Open Source Scholarship
Paul (see below) also has an interesting short piece asking "Why is open source scholarship so threatening?" It's a good question - after all, scholars are surely in the business of developing new ideas. And all of us like Newton, surely recognise that :
If I have seen further it is by standing on the shoulders of giants.
Isaac Newton, Letter to Robert Hooke, February 5, 1675
That is, scholarship works through the free and wide dissemination of ideas, and their free discussion and adaptation as well as adoption by others.
In that light "open source" is the obvious mode of publication for the scholarly enterprise.
Yet, this enterprise also depends on selection (see Vannevar Bush's classic "As we may think
"). In a world where information overload
is a significant part of everyday life we rely on the preselection that publishers perform, through the peer review process, to weed out most of the rubbish and leave us to select what we need from the "good stuff".
The examples Paul uses raise these questions quite accutely. They are both translation projects. His piece starts from comments
about an open Bible translation (WEB
and his example of what open source scholarship means is the Open Scrolls Project
Now, we all know that translation is a difficult task. A quick dip into the b-Hebrew list
will show that. It is also a potentially dangerous one, Bible translation is dangerous because for millions of people the texts being translated are Scripture, authorities in their lives. The potential harm of mistranslation of the DSS is less obvious, however if a mistranslation gets widely spread, it can make the scholar's task of communicating the results of their work to the interested public more difficult (and a translation on the web is likely to spread widely)!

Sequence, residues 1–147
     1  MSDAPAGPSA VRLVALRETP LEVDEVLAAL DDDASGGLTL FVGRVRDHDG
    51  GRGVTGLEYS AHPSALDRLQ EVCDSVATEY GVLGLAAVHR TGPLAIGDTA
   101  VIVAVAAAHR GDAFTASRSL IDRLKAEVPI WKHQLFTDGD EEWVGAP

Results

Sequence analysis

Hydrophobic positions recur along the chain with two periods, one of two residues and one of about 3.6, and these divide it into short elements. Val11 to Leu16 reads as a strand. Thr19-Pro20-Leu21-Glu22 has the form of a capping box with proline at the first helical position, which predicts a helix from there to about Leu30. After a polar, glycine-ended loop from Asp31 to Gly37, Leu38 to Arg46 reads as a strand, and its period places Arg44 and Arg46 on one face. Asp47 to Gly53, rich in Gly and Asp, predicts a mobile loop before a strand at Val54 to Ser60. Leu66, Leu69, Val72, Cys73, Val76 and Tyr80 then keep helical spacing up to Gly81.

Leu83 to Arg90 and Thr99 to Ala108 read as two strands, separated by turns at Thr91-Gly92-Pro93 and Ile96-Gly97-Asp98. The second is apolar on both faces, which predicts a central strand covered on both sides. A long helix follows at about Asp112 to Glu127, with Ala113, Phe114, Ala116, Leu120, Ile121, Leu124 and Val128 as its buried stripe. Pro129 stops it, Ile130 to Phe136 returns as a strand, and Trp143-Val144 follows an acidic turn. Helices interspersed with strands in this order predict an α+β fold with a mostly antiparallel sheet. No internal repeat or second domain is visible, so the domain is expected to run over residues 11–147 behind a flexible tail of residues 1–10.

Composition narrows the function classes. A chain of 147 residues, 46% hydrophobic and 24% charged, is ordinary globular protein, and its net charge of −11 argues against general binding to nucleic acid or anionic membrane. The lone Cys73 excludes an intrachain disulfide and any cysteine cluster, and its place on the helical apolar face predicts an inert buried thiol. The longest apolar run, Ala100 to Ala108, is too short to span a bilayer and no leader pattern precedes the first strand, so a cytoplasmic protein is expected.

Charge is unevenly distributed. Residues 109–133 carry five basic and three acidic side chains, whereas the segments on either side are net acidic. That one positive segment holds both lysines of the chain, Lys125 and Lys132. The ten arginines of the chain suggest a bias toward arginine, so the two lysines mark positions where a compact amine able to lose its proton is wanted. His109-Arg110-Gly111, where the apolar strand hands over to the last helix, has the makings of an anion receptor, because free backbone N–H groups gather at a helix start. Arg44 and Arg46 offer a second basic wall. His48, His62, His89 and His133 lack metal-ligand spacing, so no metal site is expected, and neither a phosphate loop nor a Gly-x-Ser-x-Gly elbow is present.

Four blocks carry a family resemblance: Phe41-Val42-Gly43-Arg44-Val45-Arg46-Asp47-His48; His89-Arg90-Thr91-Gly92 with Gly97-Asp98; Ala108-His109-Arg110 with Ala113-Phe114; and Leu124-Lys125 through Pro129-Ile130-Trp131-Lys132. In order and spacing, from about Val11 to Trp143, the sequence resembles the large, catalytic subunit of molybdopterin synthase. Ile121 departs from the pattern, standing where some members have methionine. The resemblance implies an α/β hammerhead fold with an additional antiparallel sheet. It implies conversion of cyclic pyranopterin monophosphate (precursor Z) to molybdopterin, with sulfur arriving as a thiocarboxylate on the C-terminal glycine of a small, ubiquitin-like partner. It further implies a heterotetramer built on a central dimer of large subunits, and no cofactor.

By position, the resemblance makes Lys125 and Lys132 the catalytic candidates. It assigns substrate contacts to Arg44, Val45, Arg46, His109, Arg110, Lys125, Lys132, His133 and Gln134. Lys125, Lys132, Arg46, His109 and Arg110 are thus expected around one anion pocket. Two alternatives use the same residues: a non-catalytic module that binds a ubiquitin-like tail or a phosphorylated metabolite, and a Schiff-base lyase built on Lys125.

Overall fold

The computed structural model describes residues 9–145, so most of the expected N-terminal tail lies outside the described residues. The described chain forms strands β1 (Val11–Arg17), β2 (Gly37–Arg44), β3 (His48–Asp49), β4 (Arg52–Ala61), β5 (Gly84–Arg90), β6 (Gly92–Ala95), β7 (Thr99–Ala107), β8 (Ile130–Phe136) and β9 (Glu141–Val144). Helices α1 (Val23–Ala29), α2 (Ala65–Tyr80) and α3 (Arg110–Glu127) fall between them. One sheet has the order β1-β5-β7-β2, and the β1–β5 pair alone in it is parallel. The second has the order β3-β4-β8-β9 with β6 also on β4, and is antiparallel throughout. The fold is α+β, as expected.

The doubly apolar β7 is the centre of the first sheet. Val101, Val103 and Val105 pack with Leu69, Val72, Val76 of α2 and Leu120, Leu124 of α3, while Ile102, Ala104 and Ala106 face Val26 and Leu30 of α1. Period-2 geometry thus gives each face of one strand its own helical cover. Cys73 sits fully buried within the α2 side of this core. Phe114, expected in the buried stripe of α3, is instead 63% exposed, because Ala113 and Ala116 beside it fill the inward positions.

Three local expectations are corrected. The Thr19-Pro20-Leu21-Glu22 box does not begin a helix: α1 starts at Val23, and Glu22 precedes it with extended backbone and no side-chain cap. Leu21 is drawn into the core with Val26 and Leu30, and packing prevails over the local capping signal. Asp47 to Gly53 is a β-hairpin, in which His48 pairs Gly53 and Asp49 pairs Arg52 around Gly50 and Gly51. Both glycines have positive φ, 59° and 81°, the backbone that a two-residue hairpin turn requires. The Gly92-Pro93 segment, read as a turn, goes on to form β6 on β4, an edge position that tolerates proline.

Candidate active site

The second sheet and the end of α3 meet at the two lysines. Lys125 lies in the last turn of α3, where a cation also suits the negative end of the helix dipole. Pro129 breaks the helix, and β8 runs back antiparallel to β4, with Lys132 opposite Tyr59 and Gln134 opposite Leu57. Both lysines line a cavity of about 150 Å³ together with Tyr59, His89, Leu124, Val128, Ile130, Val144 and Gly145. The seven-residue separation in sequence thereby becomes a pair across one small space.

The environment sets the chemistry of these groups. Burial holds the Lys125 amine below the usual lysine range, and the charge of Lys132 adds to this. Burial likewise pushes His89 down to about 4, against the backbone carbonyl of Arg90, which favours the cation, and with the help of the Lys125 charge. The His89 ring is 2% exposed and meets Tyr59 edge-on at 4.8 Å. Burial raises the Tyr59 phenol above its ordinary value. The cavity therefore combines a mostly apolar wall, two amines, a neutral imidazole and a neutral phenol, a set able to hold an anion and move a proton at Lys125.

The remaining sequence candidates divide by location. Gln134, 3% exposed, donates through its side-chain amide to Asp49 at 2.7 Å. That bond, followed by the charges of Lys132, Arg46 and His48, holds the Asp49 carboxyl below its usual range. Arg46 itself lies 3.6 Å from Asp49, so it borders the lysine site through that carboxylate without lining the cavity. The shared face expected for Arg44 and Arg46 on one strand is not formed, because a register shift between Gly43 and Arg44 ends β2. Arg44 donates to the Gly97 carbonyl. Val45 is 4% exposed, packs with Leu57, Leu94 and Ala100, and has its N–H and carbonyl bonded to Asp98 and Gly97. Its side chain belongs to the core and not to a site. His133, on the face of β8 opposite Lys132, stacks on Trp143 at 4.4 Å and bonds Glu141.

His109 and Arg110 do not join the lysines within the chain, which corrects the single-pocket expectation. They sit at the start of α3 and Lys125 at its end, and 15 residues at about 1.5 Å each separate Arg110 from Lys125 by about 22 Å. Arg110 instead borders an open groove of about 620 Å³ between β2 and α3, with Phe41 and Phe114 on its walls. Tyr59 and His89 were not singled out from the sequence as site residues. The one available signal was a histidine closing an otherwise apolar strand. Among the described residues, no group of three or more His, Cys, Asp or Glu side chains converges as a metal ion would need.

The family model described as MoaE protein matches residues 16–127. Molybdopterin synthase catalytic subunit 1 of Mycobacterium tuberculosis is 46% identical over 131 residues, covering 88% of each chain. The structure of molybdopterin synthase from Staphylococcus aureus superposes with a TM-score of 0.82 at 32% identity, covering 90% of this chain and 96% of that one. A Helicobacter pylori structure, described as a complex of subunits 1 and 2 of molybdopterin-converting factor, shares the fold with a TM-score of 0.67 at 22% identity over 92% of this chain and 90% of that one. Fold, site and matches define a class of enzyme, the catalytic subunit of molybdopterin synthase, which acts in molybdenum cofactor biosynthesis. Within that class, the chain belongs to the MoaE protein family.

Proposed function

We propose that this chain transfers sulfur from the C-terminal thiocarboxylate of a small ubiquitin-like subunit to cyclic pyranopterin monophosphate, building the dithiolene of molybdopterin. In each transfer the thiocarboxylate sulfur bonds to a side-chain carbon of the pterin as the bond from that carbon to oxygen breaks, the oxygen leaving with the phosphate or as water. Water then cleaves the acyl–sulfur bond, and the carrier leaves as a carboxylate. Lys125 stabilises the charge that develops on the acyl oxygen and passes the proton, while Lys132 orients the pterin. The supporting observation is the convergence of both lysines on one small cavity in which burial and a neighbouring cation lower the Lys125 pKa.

The Open Scrolls Project is quite clear that it is NOT seeking a high level of scholarly work:
Anyone who wishes to help, either with a little or a lot, needs simply to have some working knowledge of Hebrew, Aramaic, or Greek.
Is this "scholarship"?
Equally, scholarly work cites
its sources. The open source model encourages copying and adaptation, when there are multiple versions available the issue of citability also arrises - who will ensure that the edition I cite will be available to you?
On the whole my own inclination is to agree with the suggestion that scholars ought naturally to be inclined towards an open source model. However, one must then work out how to ensure that the activity remains scholarly. David Clines several years ago addressed some of these issues in his article "Publishers: Who Needs Them?
For the Hypertext Bible Commentary & Encyclopaedia
project we hope to make full use of peer reviewing
to ensure scholarly standards. However, what neither we, nor anyone else I know of has solved is how to pay for this purity of scholarship while making the material freely available!
Our best hope is that sales of stable (and therefore citable
) editions to libraries may cover the ongoing running costs.